This section is from the book "A Guide To The Poisonous Plants And Weed Seeds Of Canada And The Northern United States", by Robert Boyd Thomson, H. B. Sifton. Also available from Amazon: A guide to the poisonous plants and weed seeds of Canada and the northern United States.
There have been very severe losses from forage poisoning in various parts of this continent, but although much painstaking work has been done to determine the cause of the disease, the results have been conflicting and unsatisfactory. Horses and mules are the animals chiefly attacked, the disease following the feeding of mouldy silage, spoiled hay, or immature mouldy corn. Cattle, sheep, pigs and poultry are apparently very resistant if not immune.
Many have considered that the disease is due to poisons secreted by moulds on the feed. Several species of mould grow commonly on corn and hay and a great deal of work has been done with a view to determining the particular one responsible. Efforts toward this end have not been successful. From experience with numerous cases of poisoning, evidence against a certain mould or group of moulds has been built up. Later, samples have been found which, though they contained these moulds, were harmless. Such differential action might possibly be accounted for by assuming the presence of different strains of the same species. An analogous case has been described by Dr. M. Otto, who found that while a strain of Aspergillus fumigatus from Italy was markedly poisonous, another from Germany was not at all, or only slightly so. The existence of similar strains of other common moulds has not, however, been demonstrated.
A more promising line of attack has been from the bacteriological standpoint. The work was carried out at the Kentucky Agricultural Experimental Station by Graham, Bruechner and Pontius. They isolated from mouldy hay that had caused typical cases of forage poisoning, a bacillus resembling B. botulimis, the organism of botulism. Like the latter it is an anaerobic bacillus but grows in air when accompanied by certain of the moulds usually found on forage. Pure cultures of the bacillus, fed to horses, mules and guinea pigs, produced typical cases of forage poisoning, similar to those caused by the hay from which it had been obtained. The disease is apparently caused by toxins produced for the most part, before the forage is eaten. In their experiments animals were poisoned from a single barrel of the hay, by water which had been poured over the forage and had dissolved some of the toxin. Since the bacillus in question closely resembled B. botidinus in appearance, anaerobic characters, and physiological effects, these investigators made further tests to determine, if possible, whether the two were identical. Antitoxic serum prepared from B. botulinus was procured and was found to produce immunity from the effects of the bacillus cultured from the poisonous hay. It was further found that the hay itself, or rather the water in which it had been steeped, was incapable of producing forage poisoning in animals protected by the B. botulinus antitoxic serum. Samples of food which had produced forage poisoning in two other widely separated parts of the country were found to contain the same bacillus. It has thus been proved that one cause of forage poisoning is a bacillus, and that this bacillus, if not B. botulinus, resembles it so closely that morphological investigation has thus far disclosed no differential charac-istics. Although the investigators hardly feel yet in a position to state that it is the only cause, the results are most promising and would appear to indicate the final solution of this perplexing problem.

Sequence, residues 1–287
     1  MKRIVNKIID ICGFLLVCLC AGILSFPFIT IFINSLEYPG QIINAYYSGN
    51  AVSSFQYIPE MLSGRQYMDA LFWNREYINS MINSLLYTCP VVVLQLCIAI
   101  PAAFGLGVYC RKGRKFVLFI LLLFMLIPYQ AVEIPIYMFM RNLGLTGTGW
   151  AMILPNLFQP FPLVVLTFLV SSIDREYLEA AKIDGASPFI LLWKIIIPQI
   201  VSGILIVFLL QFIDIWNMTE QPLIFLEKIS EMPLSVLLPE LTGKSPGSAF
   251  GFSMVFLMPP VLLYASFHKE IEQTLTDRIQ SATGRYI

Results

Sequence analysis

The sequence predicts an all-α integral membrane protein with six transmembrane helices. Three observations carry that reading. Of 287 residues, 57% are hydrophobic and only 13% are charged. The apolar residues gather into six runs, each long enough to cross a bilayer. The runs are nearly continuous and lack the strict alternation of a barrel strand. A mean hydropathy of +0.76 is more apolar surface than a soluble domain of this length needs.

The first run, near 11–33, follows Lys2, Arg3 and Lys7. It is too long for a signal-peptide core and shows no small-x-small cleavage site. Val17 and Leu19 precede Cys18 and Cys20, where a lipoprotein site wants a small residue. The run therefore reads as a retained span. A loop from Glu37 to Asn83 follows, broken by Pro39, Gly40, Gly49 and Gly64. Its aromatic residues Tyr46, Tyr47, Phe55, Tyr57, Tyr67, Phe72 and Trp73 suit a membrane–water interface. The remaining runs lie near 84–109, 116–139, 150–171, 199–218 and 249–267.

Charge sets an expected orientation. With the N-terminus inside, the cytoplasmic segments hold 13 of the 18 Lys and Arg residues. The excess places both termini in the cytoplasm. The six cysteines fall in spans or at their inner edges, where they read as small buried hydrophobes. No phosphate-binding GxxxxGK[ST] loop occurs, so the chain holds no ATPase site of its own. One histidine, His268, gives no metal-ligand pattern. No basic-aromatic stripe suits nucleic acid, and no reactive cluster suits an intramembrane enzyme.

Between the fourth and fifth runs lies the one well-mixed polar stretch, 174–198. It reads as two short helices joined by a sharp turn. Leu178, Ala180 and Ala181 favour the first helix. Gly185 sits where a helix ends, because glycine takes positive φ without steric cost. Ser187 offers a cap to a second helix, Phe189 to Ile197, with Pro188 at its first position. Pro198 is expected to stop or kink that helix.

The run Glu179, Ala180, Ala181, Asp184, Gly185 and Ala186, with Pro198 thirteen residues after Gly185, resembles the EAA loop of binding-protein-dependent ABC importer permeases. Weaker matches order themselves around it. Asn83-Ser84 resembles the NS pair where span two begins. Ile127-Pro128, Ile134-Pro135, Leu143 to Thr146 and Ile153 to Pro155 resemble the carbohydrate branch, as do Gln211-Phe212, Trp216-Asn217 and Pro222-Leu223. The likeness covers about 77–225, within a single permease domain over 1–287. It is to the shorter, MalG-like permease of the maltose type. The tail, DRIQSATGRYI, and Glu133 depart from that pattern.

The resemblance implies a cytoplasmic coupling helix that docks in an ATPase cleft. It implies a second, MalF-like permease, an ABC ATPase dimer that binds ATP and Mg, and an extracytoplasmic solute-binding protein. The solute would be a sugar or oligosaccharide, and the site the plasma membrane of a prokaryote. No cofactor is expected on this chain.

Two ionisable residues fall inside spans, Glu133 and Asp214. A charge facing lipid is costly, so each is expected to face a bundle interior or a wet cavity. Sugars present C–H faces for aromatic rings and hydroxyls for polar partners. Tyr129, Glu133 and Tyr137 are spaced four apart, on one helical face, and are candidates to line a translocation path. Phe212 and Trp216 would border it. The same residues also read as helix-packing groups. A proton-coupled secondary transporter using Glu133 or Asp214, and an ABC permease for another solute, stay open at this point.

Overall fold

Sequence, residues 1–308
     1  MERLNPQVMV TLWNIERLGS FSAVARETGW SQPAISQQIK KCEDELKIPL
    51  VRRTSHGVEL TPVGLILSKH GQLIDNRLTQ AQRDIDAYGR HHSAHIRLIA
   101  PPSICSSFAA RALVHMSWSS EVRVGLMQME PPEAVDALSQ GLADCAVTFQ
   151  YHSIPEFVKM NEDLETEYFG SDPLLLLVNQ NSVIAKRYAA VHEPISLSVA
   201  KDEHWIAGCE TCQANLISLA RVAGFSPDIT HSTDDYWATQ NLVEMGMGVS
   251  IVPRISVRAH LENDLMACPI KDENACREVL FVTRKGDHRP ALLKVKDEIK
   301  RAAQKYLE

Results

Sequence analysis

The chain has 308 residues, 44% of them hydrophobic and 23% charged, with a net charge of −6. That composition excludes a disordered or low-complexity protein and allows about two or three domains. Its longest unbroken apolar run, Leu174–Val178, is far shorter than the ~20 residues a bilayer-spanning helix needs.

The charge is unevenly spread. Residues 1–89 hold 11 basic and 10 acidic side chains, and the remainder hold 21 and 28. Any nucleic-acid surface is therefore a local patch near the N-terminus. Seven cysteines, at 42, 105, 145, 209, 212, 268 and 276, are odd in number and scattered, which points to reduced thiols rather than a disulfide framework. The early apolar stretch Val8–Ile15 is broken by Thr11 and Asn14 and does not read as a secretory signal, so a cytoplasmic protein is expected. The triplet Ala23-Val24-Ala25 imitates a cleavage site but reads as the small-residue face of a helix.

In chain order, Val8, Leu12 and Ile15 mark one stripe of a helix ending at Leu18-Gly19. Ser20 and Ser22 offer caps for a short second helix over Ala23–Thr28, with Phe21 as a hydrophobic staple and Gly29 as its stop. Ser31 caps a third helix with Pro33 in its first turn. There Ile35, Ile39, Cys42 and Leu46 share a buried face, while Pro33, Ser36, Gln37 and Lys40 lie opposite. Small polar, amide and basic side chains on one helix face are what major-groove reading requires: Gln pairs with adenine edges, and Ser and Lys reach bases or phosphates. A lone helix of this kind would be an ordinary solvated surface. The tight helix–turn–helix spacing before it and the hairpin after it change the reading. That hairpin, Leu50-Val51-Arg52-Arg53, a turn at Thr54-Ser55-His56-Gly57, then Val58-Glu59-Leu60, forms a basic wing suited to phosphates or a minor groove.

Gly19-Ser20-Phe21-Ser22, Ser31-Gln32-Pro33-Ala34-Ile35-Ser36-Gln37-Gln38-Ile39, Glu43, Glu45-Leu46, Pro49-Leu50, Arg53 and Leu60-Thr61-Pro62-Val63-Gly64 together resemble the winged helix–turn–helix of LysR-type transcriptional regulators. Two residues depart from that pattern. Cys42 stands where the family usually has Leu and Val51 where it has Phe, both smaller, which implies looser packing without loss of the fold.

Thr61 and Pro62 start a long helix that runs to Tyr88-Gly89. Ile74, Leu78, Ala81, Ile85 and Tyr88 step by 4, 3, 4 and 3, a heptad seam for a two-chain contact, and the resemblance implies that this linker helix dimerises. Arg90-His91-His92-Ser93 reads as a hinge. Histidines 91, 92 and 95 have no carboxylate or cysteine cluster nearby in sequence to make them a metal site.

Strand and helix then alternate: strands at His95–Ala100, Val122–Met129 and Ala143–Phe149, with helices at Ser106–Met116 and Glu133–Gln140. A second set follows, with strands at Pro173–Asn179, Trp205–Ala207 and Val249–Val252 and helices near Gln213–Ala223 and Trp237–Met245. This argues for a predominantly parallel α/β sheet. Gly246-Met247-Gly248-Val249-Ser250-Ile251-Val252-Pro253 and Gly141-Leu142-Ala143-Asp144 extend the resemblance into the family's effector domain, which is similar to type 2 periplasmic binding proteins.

The first symptom noticed is usually weakness and staggering, with a tendency to stumble over ordinary low objects. The muscles of the tongue and throat become paralysed, and saliva drips from the mouth owing to difficulty in swallowing. The animal may become violent, rushing about, usually in a circle, and crashing into objects that come in his way. He soon becomes stupid and sleepy, and gradually loses control of his muscles, leaning against the stall or standing with feet spread apart. Paralysis increases, and after some time he is unable to stand. Bladder and bowels become partly paralysed and do not function unless artificially stimulated. The animal may live from one to two weeks, but in some cases death may take place within a day or so from the time symptoms become noticeable. Dr. Mc-Gilvray even states that animals may drop dead when taken from the harness, without showing any previous symptoms.
If treatment is begun soon enough, some of the animals may be saved. It is important to remove all traces of the poison as quickly as possible from the alimentary canal and to prevent access to mouldy or spoiled feed of any kind. It is necessary also to discontinue immediately the feed-stuffs in use and provide an entire change of feed, to avoid a further ingestion of poisonous substance. A purge and nerve stimulants as well as atropin for the circulation are recommended. Haslam prescribes injections of arecolin or eserin and pilocarpin followed by an antiferment and possibly an aloes bolus. Where paralysis of the throat has begun medicine cannot be given by mouth except by means of the stomach tube, as it is almost sure to enter the air passages and cause suffocation.